Việt Nam’s competitiveness stems from reliable logistics

Ousmane Dione*

Việt Nam is a success story of rapid economic growth and development, rising from one of the poorest countries in the world to now ranking among the most dynamic emerging countries in East Asia.  With this rapid transformation comes immense pressure to further develop and maintain quality infrastructure that supports reliable transport and logistics services, and ultimately drives Việt Nam’s export-oriented economy.

Since 2000, Việt Nam’s traffic volume by Freight Ton Kilometres (FTK) has increased at an annual rate of almost 10 percent, much faster than the GDP growth rate, requiring investment in the national road network. River, sea and airport trade activities have also witnessed significantly increased volumes.

So, how can Việt Nam ensure an efficient and reliable transport and logistics system that supports economic growth? Our new reports “Strengthening Việt Nam’s Trucking Sector” and “Sustainable Development of Inland Waterways Transport Sector” lead us to consider three factors: backbone infrastructure; transport and logistics services; and investment in alternatives to road transportation.

First, backbone infrastructure needs to be further improved for enhanced competitiveness.

The Government of Việt Nam has made significant progress in transport infrastructure development over the past decades, growing the road network to nearly 400,000 kilometres, with most commune centres now connected by all-weather roads. However, development of critical backbone inter-urban connectivity, including national highways and inland waterways, has been modest.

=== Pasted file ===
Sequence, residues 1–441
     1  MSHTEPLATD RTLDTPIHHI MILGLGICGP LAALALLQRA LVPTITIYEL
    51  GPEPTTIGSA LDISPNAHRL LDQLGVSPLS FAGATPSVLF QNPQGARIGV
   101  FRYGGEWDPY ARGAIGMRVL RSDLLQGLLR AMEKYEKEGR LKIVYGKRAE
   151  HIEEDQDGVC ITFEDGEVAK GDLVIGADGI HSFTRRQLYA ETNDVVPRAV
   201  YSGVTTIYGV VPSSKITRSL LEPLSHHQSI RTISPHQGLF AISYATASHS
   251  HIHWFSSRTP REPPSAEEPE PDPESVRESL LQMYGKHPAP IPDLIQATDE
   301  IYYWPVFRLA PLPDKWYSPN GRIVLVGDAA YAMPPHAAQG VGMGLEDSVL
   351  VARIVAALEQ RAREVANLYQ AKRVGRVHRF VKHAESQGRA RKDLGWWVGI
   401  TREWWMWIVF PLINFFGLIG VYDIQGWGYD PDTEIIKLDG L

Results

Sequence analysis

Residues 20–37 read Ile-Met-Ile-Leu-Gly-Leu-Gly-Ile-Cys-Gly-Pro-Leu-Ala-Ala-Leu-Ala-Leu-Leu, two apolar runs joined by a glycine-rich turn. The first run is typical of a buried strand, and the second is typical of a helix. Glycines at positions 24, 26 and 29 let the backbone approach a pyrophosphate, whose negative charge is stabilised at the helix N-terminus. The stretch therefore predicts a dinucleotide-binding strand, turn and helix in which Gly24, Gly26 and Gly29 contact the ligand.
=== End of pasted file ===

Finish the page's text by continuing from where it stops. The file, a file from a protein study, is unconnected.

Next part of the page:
According to our research, inland waterways received just 1.2 percent of the transport budget for the 2016-20 period – inadequate to support necessary capacity expansion and maintenance. In fact, the network that can handle barges larger than a 300-tonne capacity remains less than 30 per cent of the total 7,000 kilometres of national waterways, a very low proportion compared to other successful commercial networks in the world.

This points to a need for continued and significant investments in critical backbone infrastructure in key trade corridors, much like the work underway to develop the North-South Expressway. This will require strategic allocation of scarce public resources and the mobilisation of private sector participation in financing and service delivery.

Second, an enabling environment needs to be created in support of efficient and reliable transport and logistics services.

Based on 2018 figures, inland waterways transport accounted  for about 17 percent of the national freight share, while trucking accounted for about 77 per cent. All operators were from the private sector. However, a typical operator of one of Việt Nam’s 1.1 million trucks employed three people and had an annual turnover of less than US$500,000 (VNĐ11 billion), while the current truck fleet was dominated by small vehicles of less than five tonnes. These scale limitations caused inefficiency in terms of high shares of empty backhaul and high transport costs per FTK. An underdeveloped intermediary logistics service sector, such as truck brokerage, was exacerbating the situation.